Last week, the Council on American-Islamic Relations (CAIR) issued a “travel advisory” noting that women who are patted down “should remind the TSA officer that they are only supposed to pat down the area in question, in this scenario, your head and neck. They SHOULD NOT subject you to a full-body or partial-body pat-down.” It’s unclear why CAIR believes TSA frisking must be Shariah-compliant. Homeland Security Secretary Janet Napolitano refused to deny that such exemptions existed when CNS News asked her about them on Monday, saying instead that “adjustments will be made where they need to be made” and that “there will be more to come” on this issue.
A fatwa issued in February by Islamic scholars at the Fiqh Council of North America forbad observant Muslims from going through full-body scanners. The council stated, “It is a violation of clear Islamic teachings that men or women be seen naked by other men and women. Islam highly emphasizes modesty and considers it part of faith. The Quran has commanded the believers, both men and women, to cover their private parts.” The alternative to the highly revealing and intrusive body scanners is the similarly invasive pat-down, which is objectionable to everyone regardless of religion. Reports of TSA officers placing their hands inside peoples’ pants and conducting full skin-to-skin frisks have only heightened the general sense of disgust at this unprecedented government intrusion.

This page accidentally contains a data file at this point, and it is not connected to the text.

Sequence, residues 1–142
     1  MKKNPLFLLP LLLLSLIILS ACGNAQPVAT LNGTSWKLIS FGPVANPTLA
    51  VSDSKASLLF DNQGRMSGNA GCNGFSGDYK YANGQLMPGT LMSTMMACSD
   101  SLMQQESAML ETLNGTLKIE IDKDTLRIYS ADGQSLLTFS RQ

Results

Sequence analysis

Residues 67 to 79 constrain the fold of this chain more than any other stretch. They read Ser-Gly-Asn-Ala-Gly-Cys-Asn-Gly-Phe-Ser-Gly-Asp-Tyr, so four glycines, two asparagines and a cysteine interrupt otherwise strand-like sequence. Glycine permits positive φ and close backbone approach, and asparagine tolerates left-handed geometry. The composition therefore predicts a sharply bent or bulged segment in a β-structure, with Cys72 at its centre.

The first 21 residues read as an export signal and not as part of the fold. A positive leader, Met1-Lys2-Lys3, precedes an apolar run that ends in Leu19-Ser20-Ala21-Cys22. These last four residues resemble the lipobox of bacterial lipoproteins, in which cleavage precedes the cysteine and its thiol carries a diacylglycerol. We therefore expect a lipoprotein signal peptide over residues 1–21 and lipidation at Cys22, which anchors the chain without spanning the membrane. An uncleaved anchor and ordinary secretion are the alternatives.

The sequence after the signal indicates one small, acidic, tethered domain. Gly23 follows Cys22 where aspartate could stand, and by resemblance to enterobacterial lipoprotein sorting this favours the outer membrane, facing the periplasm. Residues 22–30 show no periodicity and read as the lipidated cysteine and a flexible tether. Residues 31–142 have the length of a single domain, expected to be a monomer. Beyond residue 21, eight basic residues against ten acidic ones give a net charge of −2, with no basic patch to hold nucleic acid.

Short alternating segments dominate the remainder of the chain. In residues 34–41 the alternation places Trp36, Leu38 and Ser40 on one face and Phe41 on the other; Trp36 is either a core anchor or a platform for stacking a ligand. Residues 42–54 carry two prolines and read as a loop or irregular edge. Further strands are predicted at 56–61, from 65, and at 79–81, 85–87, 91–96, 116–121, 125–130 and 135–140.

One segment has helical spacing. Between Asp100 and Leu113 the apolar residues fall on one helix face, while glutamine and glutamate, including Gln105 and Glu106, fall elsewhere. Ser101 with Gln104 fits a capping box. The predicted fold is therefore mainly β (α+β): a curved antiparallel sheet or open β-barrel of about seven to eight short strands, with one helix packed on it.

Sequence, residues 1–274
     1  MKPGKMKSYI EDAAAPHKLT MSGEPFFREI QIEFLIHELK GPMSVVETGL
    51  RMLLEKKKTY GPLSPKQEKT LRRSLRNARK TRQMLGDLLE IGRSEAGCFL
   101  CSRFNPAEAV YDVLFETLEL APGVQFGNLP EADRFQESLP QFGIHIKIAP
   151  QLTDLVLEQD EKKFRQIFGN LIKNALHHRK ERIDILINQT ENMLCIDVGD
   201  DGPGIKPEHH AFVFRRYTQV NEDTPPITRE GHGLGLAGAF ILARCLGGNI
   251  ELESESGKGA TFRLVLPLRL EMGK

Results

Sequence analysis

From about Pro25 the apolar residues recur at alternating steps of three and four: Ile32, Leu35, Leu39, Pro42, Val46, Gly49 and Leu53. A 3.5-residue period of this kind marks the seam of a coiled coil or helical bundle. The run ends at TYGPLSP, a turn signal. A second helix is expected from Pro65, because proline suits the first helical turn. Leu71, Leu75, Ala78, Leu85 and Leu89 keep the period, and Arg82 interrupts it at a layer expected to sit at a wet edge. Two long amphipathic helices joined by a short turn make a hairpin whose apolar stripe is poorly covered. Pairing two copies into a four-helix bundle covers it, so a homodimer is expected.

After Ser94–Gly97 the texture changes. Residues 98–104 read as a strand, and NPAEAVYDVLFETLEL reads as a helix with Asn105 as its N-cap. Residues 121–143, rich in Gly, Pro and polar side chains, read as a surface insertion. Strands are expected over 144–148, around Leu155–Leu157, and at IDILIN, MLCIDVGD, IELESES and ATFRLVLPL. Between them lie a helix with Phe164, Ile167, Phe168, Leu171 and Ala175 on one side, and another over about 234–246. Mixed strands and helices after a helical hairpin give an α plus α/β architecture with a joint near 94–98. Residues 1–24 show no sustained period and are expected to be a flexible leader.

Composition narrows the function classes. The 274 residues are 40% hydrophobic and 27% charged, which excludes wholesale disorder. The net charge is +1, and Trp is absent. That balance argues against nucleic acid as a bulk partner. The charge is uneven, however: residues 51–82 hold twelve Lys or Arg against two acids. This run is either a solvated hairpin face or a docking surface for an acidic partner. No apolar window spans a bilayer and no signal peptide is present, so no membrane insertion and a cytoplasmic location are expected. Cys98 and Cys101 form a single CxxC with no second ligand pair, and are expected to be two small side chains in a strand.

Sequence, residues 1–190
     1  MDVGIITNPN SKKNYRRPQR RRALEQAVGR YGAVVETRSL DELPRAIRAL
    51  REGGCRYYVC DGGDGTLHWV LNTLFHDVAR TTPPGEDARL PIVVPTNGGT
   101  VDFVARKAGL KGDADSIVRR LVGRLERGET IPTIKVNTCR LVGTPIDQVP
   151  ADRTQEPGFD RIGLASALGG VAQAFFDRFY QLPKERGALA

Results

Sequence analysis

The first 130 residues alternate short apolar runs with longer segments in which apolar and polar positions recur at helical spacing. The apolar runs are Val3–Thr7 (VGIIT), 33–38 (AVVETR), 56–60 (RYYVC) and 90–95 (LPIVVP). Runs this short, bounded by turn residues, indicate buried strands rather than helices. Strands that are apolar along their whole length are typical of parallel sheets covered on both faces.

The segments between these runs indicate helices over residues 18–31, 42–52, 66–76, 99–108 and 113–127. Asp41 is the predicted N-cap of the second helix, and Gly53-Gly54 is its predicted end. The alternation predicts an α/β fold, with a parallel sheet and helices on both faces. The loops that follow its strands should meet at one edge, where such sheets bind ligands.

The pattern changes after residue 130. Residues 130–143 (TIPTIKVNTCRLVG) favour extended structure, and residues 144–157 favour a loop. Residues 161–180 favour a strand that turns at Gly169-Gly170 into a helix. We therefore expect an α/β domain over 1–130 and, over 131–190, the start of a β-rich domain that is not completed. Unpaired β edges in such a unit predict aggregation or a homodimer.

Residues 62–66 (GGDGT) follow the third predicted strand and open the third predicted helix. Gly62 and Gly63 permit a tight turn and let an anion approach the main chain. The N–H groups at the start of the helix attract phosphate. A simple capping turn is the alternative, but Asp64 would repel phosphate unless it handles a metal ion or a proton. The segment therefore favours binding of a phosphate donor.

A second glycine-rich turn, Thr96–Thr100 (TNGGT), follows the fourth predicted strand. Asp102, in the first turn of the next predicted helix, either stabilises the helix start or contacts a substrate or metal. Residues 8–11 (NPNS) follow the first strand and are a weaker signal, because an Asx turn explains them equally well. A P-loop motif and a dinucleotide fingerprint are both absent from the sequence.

Exemptions for Muslim women wearing traditional garb may be the brainchild of Mohamed Elibiary, who recently was made a member of the Homeland Security Advisory Council. Mr. Elibiary is president and chief executive officer of the Texas-based Freedom and Justice Foundation and a self-styled “de-radicalization expert” whose star has risen during the Obama presidency. He previously was appointed to Homeland Security’s Countering Violent Extremism Working Group and has testified before Congress as an expert on Muslim radicalism – a topic he seems to know well.
In December 2004, Mr. Elibiary spoke at a conference honoring the life and works of the “great Islamic visionary,” Iran‘s Ayatollah Ruhollah Khomeini. In 2008, Mr. Elibiary denounced the conviction of Hamas-connected members of the Holy Land Foundation for material support of terrorism. Most alarmingly, Mr. Elibiary is an admirer of the work of Sayyid Qutb, the intellectual and spiritual godfather of modern jihadism. Mr. Elibiary argues that Qutb is greatly misunderstood. “Many Westerners who’ve read Qutb‘s and many others’ work,” Mr. Elibiary wrote, “see the potential for a strong spiritual rebirth that’s truly ecumenical allowing all faiths practiced in America to enrich us and motivate us to serve God better by serving our fellow man more.”
No one who has read Qutb‘s work can mistake it for anything but an all-out assault on the American way of life and a call for a global Islamic takeover. The 9/11 Commission noted Qutb‘s role as an inspiration to al Qaeda and concluded that, “No middle ground exists in what Qutb conceived as a struggle between God and Satan. All Muslims – as he defined them – therefore must take up arms in this fight. Any Muslim who rejects his ideas is just one more nonbeliever worthy of destruction.” Qutb – who lived in the United States as a student in the late 1940s – developed a comprehensive anti-American ideology that’s widely cited as the basis for the contemporary violent Islamic extremism with which America is at war.
Qutb promoted violent, predatory Islamic internationalism with a clear voice. If Mr. Elibiary is one of his disciples, he has no business being anywhere in government, let alone as an adviser at the uppermost reaches of an agency that purports to protect the homeland.